My Favourite Cornish Genealogy Websites (and They’re Free)...

While my own overseas research has taken a back seat for a little while, as I concentrate more on my Australian emigrants, and their families out here, I do have a strong connection to Cornwall with a number of my families hailing from there, as well as a few of Mr Lonetester’s gang too. As my Cornish roots are ones that I have traced reasonably extensively, I became familiar with a number of free websites that are useful for researching your Cornish ancestors. I don’t claim to be an expert by any means, just someone who’s researching their family history and came across a bunch of websites that I found useful. Anyway  thought I’d share my favourite ones with you here. This did start out as being a “top 10 list”, but as you can see it grew, and grew as I went through all the sites I have bookmarked under Cornish Genealogy <grin>. For this post I have chosen to exclude commercial data websites such as findmypast.co.uk, www.ancestry.co.uk, and thegenealogist.co.uk all of which I have used at various times, but those listed below are all free. A2A (Access to Archives) http://www.nationalarchives.gov.uk/a2a/advanced-search.aspx?tab=1 The A2A website is a seriously awesome website. It is an amazing resource not just for Cornwall, but for the whole of the UK. Archives and repositories around the UK have indexed much of their holdings, much of what you won’t actually find online. Cornwall Family History Society http://www.cornwallfhs.com/index.php Since its beginning in the mid-170s, the Society has aimed to become a ‘centre of excellence’ by encouraging Cornish family history research. Along with publishing a quarterly Journal, the Society has co-ordinated the transcription and indexing of over 5 million original records so far, as well maintaining a...

Family History Through the Alphabet Challenge: A is for … A2A (Access to Archives)...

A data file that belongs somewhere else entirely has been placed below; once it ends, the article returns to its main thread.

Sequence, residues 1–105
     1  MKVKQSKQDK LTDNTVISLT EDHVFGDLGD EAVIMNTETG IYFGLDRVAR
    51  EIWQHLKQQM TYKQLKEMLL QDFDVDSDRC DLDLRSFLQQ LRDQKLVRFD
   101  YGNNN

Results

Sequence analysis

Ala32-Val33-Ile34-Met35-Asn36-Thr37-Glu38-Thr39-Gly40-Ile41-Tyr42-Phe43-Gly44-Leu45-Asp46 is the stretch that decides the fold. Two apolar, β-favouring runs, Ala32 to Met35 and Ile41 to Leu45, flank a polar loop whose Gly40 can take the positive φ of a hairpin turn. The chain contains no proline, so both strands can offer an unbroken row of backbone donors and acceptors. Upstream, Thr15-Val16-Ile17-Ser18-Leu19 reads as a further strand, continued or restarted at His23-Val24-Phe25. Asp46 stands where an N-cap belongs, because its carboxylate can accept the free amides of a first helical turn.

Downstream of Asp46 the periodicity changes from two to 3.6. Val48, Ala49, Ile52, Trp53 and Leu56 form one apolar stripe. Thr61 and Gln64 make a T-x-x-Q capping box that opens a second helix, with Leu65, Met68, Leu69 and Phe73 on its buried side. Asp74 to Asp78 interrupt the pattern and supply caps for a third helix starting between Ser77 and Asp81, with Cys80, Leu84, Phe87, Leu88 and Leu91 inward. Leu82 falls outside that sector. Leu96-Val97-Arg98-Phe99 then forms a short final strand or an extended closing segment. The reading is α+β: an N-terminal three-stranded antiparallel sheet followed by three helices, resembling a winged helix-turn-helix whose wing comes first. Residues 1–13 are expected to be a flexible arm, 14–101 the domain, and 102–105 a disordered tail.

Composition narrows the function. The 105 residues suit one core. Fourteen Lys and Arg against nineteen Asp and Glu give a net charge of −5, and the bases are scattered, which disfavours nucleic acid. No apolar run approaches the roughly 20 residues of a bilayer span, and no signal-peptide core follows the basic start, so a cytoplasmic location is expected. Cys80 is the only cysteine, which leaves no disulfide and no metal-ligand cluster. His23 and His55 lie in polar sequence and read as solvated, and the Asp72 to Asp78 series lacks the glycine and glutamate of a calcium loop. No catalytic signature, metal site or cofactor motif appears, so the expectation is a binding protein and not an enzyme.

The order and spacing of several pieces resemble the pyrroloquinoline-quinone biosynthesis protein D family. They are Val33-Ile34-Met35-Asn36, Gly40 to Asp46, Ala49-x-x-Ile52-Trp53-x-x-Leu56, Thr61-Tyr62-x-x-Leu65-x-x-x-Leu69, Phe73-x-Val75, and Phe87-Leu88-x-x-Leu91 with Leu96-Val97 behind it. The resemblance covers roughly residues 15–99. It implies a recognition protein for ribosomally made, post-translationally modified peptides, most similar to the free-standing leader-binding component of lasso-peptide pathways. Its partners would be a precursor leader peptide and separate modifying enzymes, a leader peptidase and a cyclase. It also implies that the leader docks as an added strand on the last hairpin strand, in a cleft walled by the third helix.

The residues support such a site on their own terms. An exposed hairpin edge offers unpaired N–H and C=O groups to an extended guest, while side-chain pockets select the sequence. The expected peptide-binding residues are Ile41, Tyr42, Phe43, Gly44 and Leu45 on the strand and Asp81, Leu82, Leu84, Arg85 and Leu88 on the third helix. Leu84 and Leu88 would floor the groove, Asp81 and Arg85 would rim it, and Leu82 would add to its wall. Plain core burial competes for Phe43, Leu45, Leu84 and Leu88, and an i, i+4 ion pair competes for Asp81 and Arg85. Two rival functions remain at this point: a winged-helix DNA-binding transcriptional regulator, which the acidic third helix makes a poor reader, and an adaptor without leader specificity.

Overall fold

You might think hang on, what is she doing. Is she starting the Family History Through the Alphabet Challenge again??  In short no, but let me explain. As I never actually did the letter A thanks to a lack of inspiration which lasted until about the letter J or so, and I really would like to complete the whole alphabet, I am doing it now. And I figured it was better to do it at the end, rather than right in the middle. So for my A post … A is for … A2A (Access to Archives) Some of you may have heard of the A2A website, others may not have. But for me it is one of the most amazing sites around. As part of the UK’s National Archives, the A2A database contains indexed listings of items and documents that archives throughout England hold. These records date from the eighth century to the present day. While it contains an impressive 10.3 million records relating to 9.45 million items held in 418 record offices and other repositories, the estimate is that this is still only about 30% of all records that the archive repositories hold. Even with only 10 million records (who am I kidding, 10 million records indexed is 10 million more than I would have known about had it not been for this site) this site is awesome. On the opening search screen, you can type in a keyword such as a name or a place, and see what comes up. However if you click on Advanced Search you can narrow it down to include “all these words”, choose a date range, choose a place, select a repository, or select a region. I nearly always just do...